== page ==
Delays, virtual meetings, masking up, and protests; Wyoming’s 2021 Legislative Session was anything but normal. Luckily, hunters and anglers can now look back on a successful legislative session that saw great strides for hunter access, wildlife conservation, and preservation of the Wyoming traditions we all love so much.
For the past 87 years, the Federation has been hard at work advocating for hunters and anglers at the legislature, and this year was no exception with government affairs director, Jess Johnson fully engaged as the sporting voice in person this year. Her work, the work of field coordinator Auna Kaufmann, and teamwork from the entire WWF membership and staff helped both pass great bills and prevent ones that are bad for Wyoming from becoming law.
New Access Funding for Hunting and Fishing
Hunters and anglers did the heaviest lifting to pass HB 122: Reliable Funding For Hunting and Fishing Access. Wyoming Game and Fish’s Access YES! program has existed on a shoestring budget, but still resulted in nearly 2.6 million acres of land opened up to hunt and fish on. In 2017 TRCP and OnXmaps did a survey and discovered that nearly 3 million acres of landlocked public land exist in Wyoming, it is the most in any state.
The bill will enable WGFD to fairly incentivize landowners to participate in programs like Access YES and provide Game and Fish with funding for administrative and programmatic costs associated with gaining access and creating agreements with voluntary landowners. The program also comes with an enhanced enforcement program to help make sure hunters and anglers are abiding by the rules laid out by the landowner. This extra funding will provide an avenue to open up access for hunters and anglers in parts of the state where it can be difficult and provide landowners with fair compensation for allowing hunting and angling access on their property.
Large Conservation Projects Funded
House Bill 66: 2021 Large Project Funding made it through the legislature, providing nearly $2.5M for conservation projects in Wyoming. The projects funded this year are $1,020,000 for the wildlife crossing near Kaycee and Buffalo, $699,000 for the Big Piney wildlife crossing, and $749,856 for the elimination of invasive grasses, particularly medusahead and ventenata, on 50,000 acres of walk-in hunting areas near Sheridan.
Wildlife crossings are a win for wildlife and Wyoming drivers. In places where crossings have already been installed in Wyoming, they have reduced wildlife collisions by 85%, saving lives and money. Invasive grasses increase exponentially once they are introduced to an area, and funding their removal now will increase range quality for wildlife and livestock, as well as prevent bigger problems down the road. In times of tight budgets, focusing on proactive projects that pay for themselves in time is a way forward for everyone.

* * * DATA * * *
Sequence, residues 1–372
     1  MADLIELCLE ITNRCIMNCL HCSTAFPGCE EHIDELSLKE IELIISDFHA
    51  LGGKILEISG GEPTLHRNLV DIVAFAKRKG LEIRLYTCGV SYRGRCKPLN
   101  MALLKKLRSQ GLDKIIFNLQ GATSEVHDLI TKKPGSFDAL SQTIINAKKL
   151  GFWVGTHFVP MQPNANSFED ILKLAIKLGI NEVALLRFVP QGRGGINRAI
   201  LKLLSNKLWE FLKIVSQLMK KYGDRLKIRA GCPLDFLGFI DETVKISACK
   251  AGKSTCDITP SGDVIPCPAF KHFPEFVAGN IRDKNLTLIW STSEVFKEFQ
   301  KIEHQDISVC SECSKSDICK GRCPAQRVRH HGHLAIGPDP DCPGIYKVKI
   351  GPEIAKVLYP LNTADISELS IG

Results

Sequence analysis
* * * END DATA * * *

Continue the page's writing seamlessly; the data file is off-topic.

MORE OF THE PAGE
Trappers Gain Pioneer Licenses
Before this year’s session, residents over 65 years of age who had resided in Wyoming for over 30 years could get themselves a game bird, small game, and fish Pioneer licenses. With the passing of HB 112, trappers who fit the same criteria are now eligible for purchasing one of these same pioneer licenses. These licenses allow the holder to take fur-bearing game with a one-time fee of $20.
Increased Hunting Opportunities for Youth
This year, youth got a boost from bills to clarify and potentially add opportunities to hunt in the state. House Bill 115 allowed 11-year-olds to hunt if they turn 12 within the calendar year. These changes are sure to make a major impact on a few young Wyoming hunters out there, and increasing access and opportunities like this are right in line with the Wyoming Wildlife Federation’s mission.
Roadkill Restrictions Removed
Over 30 different states in the U.S. have legalized the picking up of unintentionally killed roadkill animals. HB 95 allows the WGFD to create rules around picking up roadkill animals, which likely will include a license or permit to help regulate roadkill gathering. WWF members have long shown interest in picking up roadkill to supplement the freezer with more salvaged wild game meat. It’s been shown to be an effective and tasty source of meat in the states who have legalized roadkill gathering, with very few safety concerns. Hopefully, this bill can also bring awareness to the major issues with wildlife collisions that exist in the state.
Wildlife Task Force Provides Alternatives for Other Bills
There were a handful of bills brought to the Wyoming Legislature, like SF 103 and HB 130, that were best suited to be handled in the newly formed Wildlife Task Force in the coming year. The Wyoming Wildlife Taskforce was formed, and members appointed jointly by, the Governor, the speaker of the House of Representatives, the president of the Senate, the president of the Wyoming Game and Fish Commission, and the director of the Game and Fish Department. They will tackle issues like license allocations, preference points, and fees, then provide recommendations to the Wyoming Game and Fish Commission. All meetings are open to the public and hunters are encouraged to engage in the process all along the way.
While there is no doubt the 2021 Legislative Session was an overall success for Wyoming hunters and anglers, there are always bills that pose threats for the future of wildlife and wild places cropping up. It’s important to stay involved and get to know your local legislators if you care deeply about the future of hunting, angling, and wildlife populations in the Cowboy State.
Be sure to sign up for WWF emails, or forward the signup page to others to ensure the future of Wyoming’s wildlife, access, and outdoor opportunities for future generations.